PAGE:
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A Man of a Few More Words - by Swan Morrison

The Open Garden

George sat in the deckchair at his garden gate. He was about to count the money in his collecting tin when a male voice interrupted:

‘Excuse me, is this one of the Open Gardens?’

‘Yes,’ replied George, glancing up at a middle-aged couple.

‘Only you’re not on the map of Open Gardens they gave us in the village.’

‘No,’ George agreed. ‘I was a late entry, and there wasn’t time to add me to any of the paperwork. It’s just a pound each to look round,’ he continued, lifting his tin.

His visitors contributed their admission fees, and George directed them to the rear of his bungalow.

He looked up and down the lane and saw no sign of other visitors. It was late in the afternoon and it was likely these would be the last. George painfully rose and limped to join his guests.

‘It’s rather different from other gardens we’ve seen today,’ ventured his male visitor as George reached the couple.

‘There aren’t any plants,’ noted the woman.

‘The old arthritis stops me from doing too much gardening, these days,’ George explained, ‘so I went for a simple, low maintenance theme of just grass and SPIS.’

‘SPIS?’ queried the woman.

‘Self Planting Indigenous Species.’

‘You mean weeds?’ she said.

‘A weed is just a name for a plant growing in the wrong place,’ replied George. ‘My SPIS all carefully harmonise to construct a natural, uncultivated effect.’

‘And the grass is three feet tall,’ observed the man.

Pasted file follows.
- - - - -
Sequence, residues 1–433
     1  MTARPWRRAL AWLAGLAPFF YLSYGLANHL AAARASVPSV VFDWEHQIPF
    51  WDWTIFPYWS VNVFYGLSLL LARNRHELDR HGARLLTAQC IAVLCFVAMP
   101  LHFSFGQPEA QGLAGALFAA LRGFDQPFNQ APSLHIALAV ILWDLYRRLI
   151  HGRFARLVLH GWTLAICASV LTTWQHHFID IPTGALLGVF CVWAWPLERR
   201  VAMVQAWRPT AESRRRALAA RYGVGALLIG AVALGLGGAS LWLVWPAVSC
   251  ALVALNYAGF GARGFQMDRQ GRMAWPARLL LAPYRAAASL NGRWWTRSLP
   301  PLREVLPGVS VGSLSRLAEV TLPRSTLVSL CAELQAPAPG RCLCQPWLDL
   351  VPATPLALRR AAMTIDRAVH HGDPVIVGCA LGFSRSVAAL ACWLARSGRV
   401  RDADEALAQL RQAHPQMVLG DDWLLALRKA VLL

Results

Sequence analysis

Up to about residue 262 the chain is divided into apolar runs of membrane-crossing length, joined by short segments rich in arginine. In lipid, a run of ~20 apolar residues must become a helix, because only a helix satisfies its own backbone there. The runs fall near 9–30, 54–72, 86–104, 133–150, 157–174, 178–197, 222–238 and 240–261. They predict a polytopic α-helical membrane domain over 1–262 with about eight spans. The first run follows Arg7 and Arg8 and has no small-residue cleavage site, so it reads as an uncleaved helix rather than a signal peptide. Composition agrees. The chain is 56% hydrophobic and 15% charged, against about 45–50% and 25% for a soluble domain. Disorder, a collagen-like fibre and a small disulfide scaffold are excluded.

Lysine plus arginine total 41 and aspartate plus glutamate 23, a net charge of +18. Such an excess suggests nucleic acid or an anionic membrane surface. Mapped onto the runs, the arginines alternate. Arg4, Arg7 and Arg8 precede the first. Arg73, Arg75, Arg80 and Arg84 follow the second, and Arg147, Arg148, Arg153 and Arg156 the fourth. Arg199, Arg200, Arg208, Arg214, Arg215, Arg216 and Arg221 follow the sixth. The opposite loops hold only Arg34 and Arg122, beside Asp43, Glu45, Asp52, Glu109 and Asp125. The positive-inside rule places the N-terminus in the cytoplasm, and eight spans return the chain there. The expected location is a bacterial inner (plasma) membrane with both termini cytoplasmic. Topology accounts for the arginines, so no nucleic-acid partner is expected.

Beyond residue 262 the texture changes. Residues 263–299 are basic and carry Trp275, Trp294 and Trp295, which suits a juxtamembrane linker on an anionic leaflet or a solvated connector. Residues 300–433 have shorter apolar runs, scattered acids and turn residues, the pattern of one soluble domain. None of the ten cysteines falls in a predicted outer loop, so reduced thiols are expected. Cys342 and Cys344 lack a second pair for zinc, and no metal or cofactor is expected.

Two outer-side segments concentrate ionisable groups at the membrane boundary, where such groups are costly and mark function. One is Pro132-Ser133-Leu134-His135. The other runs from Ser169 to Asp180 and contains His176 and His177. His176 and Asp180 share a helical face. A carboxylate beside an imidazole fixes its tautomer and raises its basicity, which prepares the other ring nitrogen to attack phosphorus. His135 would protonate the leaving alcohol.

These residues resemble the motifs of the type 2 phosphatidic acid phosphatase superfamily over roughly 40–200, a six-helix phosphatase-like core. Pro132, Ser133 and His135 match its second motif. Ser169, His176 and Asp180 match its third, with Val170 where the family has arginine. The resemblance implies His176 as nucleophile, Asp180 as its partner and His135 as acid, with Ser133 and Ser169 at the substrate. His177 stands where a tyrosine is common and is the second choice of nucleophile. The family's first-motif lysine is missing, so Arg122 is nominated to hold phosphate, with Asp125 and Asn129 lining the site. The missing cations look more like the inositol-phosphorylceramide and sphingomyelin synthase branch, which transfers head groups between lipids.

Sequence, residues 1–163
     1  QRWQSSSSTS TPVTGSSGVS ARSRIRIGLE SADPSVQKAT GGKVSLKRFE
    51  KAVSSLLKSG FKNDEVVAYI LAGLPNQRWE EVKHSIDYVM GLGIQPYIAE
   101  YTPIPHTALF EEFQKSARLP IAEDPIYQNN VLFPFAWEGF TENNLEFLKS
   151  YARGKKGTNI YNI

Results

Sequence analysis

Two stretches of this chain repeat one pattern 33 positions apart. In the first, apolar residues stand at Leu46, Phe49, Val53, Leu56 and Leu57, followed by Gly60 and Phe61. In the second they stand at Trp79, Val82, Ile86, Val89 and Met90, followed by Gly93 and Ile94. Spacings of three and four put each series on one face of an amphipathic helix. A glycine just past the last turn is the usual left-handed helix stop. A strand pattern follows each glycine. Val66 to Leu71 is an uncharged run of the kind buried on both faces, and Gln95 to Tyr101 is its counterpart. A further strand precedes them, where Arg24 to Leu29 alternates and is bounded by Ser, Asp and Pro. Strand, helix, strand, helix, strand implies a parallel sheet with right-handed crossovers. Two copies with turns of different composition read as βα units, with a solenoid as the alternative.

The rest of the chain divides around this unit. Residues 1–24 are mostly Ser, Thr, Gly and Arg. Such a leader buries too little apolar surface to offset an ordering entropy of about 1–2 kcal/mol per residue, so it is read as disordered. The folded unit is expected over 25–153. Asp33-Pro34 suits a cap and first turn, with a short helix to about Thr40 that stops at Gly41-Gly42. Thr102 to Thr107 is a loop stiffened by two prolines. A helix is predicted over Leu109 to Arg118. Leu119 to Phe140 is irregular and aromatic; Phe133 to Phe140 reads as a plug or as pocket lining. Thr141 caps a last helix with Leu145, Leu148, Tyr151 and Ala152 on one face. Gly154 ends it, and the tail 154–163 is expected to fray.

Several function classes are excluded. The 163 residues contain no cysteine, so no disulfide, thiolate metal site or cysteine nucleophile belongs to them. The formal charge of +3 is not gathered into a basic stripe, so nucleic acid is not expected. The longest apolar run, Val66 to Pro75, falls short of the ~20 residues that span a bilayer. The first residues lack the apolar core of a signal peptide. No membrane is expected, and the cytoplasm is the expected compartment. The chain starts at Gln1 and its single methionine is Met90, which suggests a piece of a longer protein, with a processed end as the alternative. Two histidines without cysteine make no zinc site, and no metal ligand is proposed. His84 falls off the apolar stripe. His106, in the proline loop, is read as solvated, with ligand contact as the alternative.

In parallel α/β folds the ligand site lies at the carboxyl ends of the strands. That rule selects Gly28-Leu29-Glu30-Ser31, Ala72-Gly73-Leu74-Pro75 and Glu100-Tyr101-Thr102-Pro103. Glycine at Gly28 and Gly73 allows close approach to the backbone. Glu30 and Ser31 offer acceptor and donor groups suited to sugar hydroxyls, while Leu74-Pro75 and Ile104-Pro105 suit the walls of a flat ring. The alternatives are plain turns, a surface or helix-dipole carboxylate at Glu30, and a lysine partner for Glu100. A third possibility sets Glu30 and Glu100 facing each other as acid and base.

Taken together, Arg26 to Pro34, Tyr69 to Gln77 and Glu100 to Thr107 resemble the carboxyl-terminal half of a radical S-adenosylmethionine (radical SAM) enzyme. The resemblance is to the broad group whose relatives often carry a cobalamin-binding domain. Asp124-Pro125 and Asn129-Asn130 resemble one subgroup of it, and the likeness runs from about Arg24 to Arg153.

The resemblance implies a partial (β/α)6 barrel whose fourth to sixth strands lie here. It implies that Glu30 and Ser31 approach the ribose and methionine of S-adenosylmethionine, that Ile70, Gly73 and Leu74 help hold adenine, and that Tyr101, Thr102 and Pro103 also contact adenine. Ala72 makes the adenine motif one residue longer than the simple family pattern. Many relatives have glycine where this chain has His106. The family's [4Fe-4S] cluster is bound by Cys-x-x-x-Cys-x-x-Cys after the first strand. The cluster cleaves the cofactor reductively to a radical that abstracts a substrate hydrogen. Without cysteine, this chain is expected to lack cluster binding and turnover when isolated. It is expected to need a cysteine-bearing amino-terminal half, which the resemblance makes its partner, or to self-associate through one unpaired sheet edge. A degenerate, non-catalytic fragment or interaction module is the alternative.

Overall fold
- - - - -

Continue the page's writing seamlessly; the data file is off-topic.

‘I like to think that it forms a counterpoint juxtaposed to the manicured greenery, characteristic of the other exhibited gardens.’

The three looked out across the rusting mattress springs and other discarded household equipment, to the fire-gutted shell of an old motor car, beyond.

‘I’m particularly pleased with that modern art installation,’ announced George with pride. ‘I may enter it for the Turner Prize.’

Before the couple could comment, the grass on the far side of the garden began to ripple, tracking the path of some hidden, approaching creature. The sound of growls and snarls reached their ears.

‘Ah, that’s Rufus, my Rottweiler,’ said George. ‘I don’t know what’s got into him today. He’s bitten four of the visitors, and one had to be taken away by ambulance.’

George looked round to see his guests fleeing, panic-stricken, from the garden.

‘There’re serving tea and cakes in the Village Hall,’ George helpfully shouted after them, before his voice was drowned-out by the savage barking of Rufus.

George sat down in his deckchair, and Rufus, having seen-off the intruders, laid quietly down on the ground beside him.

‘Let’s count the day’s takings, boy,’ George said to his companion. ‘I reckon we’ve got over sixty quid here. That’ll pay for getting all that rubbish taken away from the back garden.’ He patted Rufus on the head. ‘With any luck there’ll be enough money left to have the grass cut and to get you a nice bone.’